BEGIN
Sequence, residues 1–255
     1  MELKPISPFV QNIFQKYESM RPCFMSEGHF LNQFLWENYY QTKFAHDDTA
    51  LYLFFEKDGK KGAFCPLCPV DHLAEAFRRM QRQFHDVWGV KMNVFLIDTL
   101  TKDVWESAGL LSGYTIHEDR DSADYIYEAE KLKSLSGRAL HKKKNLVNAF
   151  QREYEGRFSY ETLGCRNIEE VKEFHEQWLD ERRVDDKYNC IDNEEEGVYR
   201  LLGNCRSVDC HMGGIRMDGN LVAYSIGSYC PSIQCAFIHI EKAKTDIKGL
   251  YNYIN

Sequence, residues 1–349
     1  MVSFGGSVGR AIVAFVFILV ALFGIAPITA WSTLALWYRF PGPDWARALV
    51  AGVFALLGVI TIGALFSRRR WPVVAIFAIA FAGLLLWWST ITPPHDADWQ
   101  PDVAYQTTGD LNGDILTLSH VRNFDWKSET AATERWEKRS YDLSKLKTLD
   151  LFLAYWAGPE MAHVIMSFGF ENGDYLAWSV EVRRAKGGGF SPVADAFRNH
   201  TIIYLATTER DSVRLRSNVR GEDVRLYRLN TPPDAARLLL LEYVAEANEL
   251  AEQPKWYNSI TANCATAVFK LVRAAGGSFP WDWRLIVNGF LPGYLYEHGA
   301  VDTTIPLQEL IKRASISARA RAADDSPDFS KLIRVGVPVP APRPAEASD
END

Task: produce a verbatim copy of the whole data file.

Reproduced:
Sequence, residues 1–255
     1  MELKPISPFV QNIFQKYESM RPCFMSEGHF LNQFLWENYY QTKFAHDDTA
    51  LYLFFEKDGK KGAFCPLCPV DHLAEAFRRM QRQFHDVWGV KMNVFLIDTL
   101  TKDVWESAGL LSGYTIHEDR DSADYIYEAE KLKSLSGRAL HKKKNLVNAF
   151  QREYEGRFSY ETLGCRNIEE VKEFHEQWLD ERRVDDKYNC IDNEEEGVYR
   201  LLGNCRSVDC HMGGIRMDGN LVAYSIGSYC PSIQCAFIHI EKAKTDIKGL
   251  YNYIN

Sequence, residues 1–349
     1  MVSFGGSVGR AIVAFVFILV ALFGIAPITA WSTLALWYRF PGPDWARALV
    51  AGVFALLGVI TIGALFSRRR WPVVAIFAIA FAGLLLWWST ITPPHDADWQ
   101  PDVAYQTTGD LNGDILTLSH VRNFDWKSET AATERWEKRS YDLSKLKTLD
   151  LFLAYWAGPE MAHVIMSFGF ENGDYLAWSV EVRRAKGGGF SPVADAFRNH
   201  TIIYLATTER DSVRLRSNVR GEDVRLYRLN TPPDAARLLL LEYVAEANEL
   251  AEQPKWYNSI TANCATAVFK LVRAAGGSFP WDWRLIVNGF LPGYLYEHGA
   301  VDTTIPLQEL IKRASISARA RAADDSPDFS KLIRVGVPVP APRPAEASD